It has been an honor to serve as the 2017 Academy president in the 121st year of our professional organization, the American Academy of Ophthalmology. Each year, our Academy achieves remarkable advancements for our profession due to dedicated physician volunteers on more than a hundred committees and the support of the excellent Academy staff. The membership is well represented by the Board of Trustees’ wisdom of experience and new insights from younger ophthalmologists.
Education continues to be the foundation of the Academy under the leadership of Senior Secretary for Clinical Education Louis B. Cantor, MD. Close to half of the Academy’s physician volunteers work on education committees. The Ophthalmic News and Education (ONE) Network continues to be the educational nexus for ophthalmologists around the world. The latest addition is the David E. I. Pyott Glaucoma Education Center, which is dedicated to advancing education of eye care providers globally for the most effective care of patients with this complex disease process. In the rapidly changing subspecialty of retina, a new Academy publication, Ophthalmology® Retina, brings more information to ophthalmologists managing retinal disorders.
The IRIS Registry (Intelligent Research in Sight) continues to grow in importance to the practice of ophthalmology by facilitating physician participation in the Merit-Based Incentive Payment System (MIPS), enabling our fellow Academy members to avoid tens of thousands of dollars in financial penalties. And now, through the foresight of H. Dunbar Hoskins Jr., MD, and his wife Ann, with the generous support of $500,000 from OMIC, the Academy launched the Hoskins Center IRIS Registry Research Fund. Research of large data sets from the IRIS Registry can allow us to identify the most effective and efficient care for patients more rapidly. This will be a truly transformative change in how research and subsequently patient care is practiced.
The Minority Ophthalmology Mentoring Program Student Engagement Day was held for the second time at the annual meeting. It was very successful in introducing these students to the possibility of becoming ophthalmologists. This is a long-term project that will be rewarding for patient care and for ophthalmology in the future.
Developing ophthalmology leaders is also important for the future of our profession. The Academy’s Leadership Development Program (LDP) celebrated 20 years of service as well as global expansion of the program. The impact of the LDP is manifested in many of our organization’s best leaders such as: 2018 Academy President Keith D. Carter, MD; 2017 Jackson Memorial Lecturer Daniel F. Martin, MD; Council Chair Mathew W. MacCumber, MD, PhD; Council Vice Chair Lynn K. Gordon, MD, PhD; 2017 Straatsma Award recipient Shahzad I. Mian, MD; and 2017 Artemis Award recipient Jeff H. Pettey, MD. After 20 years, there are too many outstanding graduates to list them all.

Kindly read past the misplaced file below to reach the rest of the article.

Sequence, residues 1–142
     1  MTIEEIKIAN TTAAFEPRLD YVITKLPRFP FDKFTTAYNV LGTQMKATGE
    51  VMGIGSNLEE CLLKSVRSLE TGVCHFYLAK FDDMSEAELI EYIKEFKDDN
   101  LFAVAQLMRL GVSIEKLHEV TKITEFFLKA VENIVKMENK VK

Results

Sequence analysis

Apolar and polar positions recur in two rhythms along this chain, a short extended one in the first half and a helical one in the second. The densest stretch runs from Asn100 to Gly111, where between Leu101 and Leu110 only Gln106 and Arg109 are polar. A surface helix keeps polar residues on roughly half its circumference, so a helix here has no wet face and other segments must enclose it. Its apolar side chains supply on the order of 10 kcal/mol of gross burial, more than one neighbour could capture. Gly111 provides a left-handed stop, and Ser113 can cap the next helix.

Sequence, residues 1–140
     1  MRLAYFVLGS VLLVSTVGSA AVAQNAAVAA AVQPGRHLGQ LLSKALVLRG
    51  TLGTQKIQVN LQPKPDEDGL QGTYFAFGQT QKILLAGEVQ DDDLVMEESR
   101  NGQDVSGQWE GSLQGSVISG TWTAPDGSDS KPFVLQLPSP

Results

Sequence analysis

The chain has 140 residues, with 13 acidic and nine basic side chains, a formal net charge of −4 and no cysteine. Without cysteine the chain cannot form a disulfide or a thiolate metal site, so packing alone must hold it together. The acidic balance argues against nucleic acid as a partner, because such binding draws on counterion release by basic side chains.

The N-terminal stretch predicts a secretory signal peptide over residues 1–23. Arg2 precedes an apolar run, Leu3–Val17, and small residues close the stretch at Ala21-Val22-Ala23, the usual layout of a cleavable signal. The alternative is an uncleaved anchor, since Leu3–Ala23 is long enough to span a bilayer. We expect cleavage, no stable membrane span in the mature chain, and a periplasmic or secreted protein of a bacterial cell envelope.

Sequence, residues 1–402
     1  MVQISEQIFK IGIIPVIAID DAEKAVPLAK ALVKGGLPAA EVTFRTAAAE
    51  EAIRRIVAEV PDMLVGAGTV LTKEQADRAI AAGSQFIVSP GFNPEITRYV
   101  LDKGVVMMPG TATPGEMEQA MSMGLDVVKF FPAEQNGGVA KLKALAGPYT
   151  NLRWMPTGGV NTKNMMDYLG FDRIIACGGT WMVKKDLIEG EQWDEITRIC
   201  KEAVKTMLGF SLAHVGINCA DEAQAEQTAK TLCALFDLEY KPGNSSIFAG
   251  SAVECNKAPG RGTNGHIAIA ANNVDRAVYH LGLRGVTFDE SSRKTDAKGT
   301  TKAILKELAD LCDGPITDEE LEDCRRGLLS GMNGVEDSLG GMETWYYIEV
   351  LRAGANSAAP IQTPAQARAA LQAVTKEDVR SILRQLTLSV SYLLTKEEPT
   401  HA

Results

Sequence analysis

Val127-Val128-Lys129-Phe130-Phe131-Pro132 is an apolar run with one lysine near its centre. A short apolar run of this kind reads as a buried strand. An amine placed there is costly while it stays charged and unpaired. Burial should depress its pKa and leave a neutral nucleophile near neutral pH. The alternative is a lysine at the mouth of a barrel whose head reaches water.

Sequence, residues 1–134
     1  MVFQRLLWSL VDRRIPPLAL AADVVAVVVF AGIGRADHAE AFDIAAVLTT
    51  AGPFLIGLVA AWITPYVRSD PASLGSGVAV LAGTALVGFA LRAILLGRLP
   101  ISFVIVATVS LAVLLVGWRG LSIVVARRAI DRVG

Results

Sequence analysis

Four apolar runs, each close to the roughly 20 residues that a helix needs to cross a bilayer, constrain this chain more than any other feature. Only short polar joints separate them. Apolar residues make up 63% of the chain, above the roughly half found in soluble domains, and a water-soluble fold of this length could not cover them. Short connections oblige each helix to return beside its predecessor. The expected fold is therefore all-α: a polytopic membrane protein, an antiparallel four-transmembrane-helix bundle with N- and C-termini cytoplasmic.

Advocacy on both the federal and state levels is critical for patient care and practice health. The Academy has expended significant effort, time and money to protect federal reimbursement for the clinical care ophthalmologists provide. Access to and reimbursement for compounded medications has been an issue for over a decade. In 2017, the Academy continued this seemingly never-ending work to ensure that we have access to these sight-saving medications for our patients. Another federal advocacy focus is to decrease the regulatory burdens that divert physician time away from patient care. At the state level, we remain active in working with legislatures to ensure the highest quality of care across the nation.
Effective advocacy requires financial investment and personal relationships. Academy members who know their state legislators and donate to their state PAC, as well as the Academy’s Surgical Scope Fund, help to impact the quality of care at the state level. At the national level, OPHTHPAC® donations allow the Academy to support members of Congress who are favorable to ophthalmic patient care. If all U.S.-based Academy members (rather than the currently fewer than 20 percent) split a $900-a-year contribution among the three funds, the results could be remarkable for our patients.
And that is our raison d’être — taking care of patients. The Academy’s 2017 Secretary for Communications Philip R. Rizzuto, MD, and his committee members share patient stories with our membership and the public to help make eye health a priority. These stories are inspiring because they remind us of why we wanted to be ophthalmologists and make us proud of our profession and our colleagues.
Just as eye health should be a priority for patients, to take good care of them, physicians also need to be healthy. Administrative burdens, electronic medical records implementation and many other changes are diverting physician attention away from patients, increasing stress while eroding physician happiness. The Academy has created a series of online wellness resources and events to help restore well-being for ophthalmologists. Remember the joy of matching in ophthalmology? Perhaps following in a mother’s or father’s footsteps? Keep the joy of the wonderful profession of ophthalmology. Take time to live a healthy life. Eat healthy food, get sufficient sleep and take time to exercise.
Ophthalmology is a great profession. Thank you for the privilege of serving as the 2017 president of the Academy.
Cynthia Ann Bradford, MD